Curriculum expectations need to change for now

Over the past year, learning has been one of our greatest uncertainties.

With a combination of online classes, in-person sessions, and even a new
type of hybrid learning, students have essentially been left to their own devices.

So, it should not come as a surprise that students have not been able to follow a traditional curriculum.

However, one thing is for certain: students are not falling behind.

We are in the middle of an unprecedented global pandemic. There is no falling behind.

As we are continually surrounded by virtual learning, we need to dissociate the stress and anxiety that comes with it. We need to see it as a chance to improve on previous semesters and readdress our expectations during this semester.

Kids learn differently. A student isn’t falling behind anything because of the pandemic. And if you think that they are, the standards they’re falling behind on are so arbitrary as to be meaningless.

But the idea that kids are not intellectually where they should be and that if we don’t do something about it now, they will be irreparably harmed, is pure fantasy.

Let’s get something straight: there is no ultimate timetable for learning.

COVID-19 is something none of us will ever forget. We will also never forget the lessons we learned during it.

We have learned how to live in a completely different world, completely isolated with just our family, no friends, no physical contact.

We are learning how to get along with everyone, to work together and to solve our problems.

We are also learning the misery of anger, how to keep ourselves sane within the same four walls every day. We are learning that we can do this.

None of us are falling behind on maturity. Yeah, we may be falling behind in chemistry. And grammar. Probably, calculus too. But we have learned how to handle the pandemic with more courage and perseverance than we ever thought possible.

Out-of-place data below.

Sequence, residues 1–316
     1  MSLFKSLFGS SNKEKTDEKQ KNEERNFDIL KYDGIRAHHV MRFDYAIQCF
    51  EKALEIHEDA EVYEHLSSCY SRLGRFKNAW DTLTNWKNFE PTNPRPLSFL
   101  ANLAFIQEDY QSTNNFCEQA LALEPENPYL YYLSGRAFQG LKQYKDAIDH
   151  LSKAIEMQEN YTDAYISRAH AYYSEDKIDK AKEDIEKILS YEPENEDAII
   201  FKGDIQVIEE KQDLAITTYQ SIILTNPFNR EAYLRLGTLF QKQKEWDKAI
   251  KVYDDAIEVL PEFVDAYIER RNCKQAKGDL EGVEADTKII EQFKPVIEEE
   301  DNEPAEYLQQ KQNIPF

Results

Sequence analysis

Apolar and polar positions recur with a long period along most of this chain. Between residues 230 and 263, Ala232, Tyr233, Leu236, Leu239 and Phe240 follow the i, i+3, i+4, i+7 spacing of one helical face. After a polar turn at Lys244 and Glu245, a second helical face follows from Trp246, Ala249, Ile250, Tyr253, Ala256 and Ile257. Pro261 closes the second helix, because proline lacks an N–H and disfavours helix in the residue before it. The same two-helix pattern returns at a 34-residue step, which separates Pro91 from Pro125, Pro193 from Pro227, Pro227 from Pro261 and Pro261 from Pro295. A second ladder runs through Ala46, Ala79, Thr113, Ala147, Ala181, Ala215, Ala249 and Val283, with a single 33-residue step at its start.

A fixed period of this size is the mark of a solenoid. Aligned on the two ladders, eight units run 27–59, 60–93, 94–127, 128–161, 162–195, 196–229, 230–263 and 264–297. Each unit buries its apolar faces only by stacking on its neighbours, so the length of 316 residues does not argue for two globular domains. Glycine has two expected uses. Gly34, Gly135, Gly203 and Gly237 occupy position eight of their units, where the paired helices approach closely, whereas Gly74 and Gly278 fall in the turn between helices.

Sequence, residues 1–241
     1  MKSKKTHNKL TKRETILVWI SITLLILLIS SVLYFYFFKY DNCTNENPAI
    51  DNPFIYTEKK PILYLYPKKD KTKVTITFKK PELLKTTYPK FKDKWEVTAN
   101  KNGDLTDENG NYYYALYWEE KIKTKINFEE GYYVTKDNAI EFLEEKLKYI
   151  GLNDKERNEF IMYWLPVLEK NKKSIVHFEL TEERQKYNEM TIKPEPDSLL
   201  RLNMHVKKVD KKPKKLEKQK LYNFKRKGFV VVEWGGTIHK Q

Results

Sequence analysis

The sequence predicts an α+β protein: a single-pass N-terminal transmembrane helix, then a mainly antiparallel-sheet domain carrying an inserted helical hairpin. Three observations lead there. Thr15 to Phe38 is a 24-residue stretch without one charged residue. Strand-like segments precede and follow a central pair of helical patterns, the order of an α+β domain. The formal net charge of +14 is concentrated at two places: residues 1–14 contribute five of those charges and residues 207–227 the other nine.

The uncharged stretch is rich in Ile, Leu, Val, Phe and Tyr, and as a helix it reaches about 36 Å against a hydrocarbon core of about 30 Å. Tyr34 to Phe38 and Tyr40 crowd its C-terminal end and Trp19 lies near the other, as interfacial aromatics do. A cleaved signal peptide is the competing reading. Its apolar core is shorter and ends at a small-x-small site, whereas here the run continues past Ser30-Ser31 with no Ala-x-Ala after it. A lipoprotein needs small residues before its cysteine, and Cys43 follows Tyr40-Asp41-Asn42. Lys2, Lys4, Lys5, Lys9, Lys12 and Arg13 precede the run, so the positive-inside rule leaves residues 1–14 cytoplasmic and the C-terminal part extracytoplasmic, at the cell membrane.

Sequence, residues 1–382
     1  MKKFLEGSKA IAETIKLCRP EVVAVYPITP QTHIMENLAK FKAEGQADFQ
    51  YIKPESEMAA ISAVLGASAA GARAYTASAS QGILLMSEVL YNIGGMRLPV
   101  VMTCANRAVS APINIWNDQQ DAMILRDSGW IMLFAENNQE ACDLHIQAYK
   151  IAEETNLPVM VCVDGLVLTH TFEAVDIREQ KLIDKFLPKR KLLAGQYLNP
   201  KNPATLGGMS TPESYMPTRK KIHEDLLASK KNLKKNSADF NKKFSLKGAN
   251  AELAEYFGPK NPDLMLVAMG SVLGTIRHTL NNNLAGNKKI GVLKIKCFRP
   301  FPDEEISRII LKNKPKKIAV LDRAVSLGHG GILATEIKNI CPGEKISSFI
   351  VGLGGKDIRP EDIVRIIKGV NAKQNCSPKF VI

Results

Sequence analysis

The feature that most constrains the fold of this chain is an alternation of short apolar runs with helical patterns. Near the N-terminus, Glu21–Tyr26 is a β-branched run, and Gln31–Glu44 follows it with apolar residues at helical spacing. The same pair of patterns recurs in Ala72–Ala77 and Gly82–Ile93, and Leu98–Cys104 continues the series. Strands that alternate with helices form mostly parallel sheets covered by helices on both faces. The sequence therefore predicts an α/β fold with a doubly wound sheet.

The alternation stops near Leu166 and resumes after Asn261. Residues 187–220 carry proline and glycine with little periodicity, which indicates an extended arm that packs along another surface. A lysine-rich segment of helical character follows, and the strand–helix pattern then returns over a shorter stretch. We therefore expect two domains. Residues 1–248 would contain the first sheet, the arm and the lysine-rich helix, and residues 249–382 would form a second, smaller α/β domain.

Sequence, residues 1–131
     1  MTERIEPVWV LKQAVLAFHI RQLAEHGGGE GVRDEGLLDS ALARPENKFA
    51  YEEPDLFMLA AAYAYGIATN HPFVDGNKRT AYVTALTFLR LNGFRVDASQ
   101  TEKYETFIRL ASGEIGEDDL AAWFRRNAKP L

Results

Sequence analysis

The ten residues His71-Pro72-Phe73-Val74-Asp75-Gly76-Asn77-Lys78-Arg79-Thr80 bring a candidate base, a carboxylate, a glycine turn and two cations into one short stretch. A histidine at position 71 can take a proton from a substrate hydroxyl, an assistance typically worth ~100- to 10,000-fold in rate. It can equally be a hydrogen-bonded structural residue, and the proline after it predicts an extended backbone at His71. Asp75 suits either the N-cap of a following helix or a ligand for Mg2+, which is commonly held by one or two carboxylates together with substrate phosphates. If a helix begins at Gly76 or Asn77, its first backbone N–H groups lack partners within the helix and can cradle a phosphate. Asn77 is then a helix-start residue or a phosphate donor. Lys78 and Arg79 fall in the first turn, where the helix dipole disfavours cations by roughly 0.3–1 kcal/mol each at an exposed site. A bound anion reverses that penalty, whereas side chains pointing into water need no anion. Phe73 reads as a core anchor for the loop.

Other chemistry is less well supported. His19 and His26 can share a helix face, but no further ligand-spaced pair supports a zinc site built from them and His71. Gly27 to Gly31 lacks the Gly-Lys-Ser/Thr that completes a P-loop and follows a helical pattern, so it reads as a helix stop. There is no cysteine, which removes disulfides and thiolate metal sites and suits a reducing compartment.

Our brains are flexible. They’re almost always ready to grasp something. It’s just not up to society what those somethings are or when they’re achievable.

So maybe we don’t need to beat ourselves up if we don’t get through the typical number of lessons or units in a particular subject.

So maybe at the end of this pandemic, we will realize that our standard curriculum, albeit important, will take a back seat to a curriculum that we may not even know we are all writing.

That curriculum is the daily guide we are creating on how to survive a pandemic, a curriculum chock-full of life lessons on racial tensions and inequalities, political divides and the overall need for compassion.

Let’s begin to focus on how we are treating one another and what we are modeling for our future generations, the students who will study this pandemic. We are molding an entirely new concept of education.

It is these lessons that will have the greatest impact on our children moving forward.

It is this hope of increased civility and kindness that should excite us about where we can be as the pandemic eventually gets under control.

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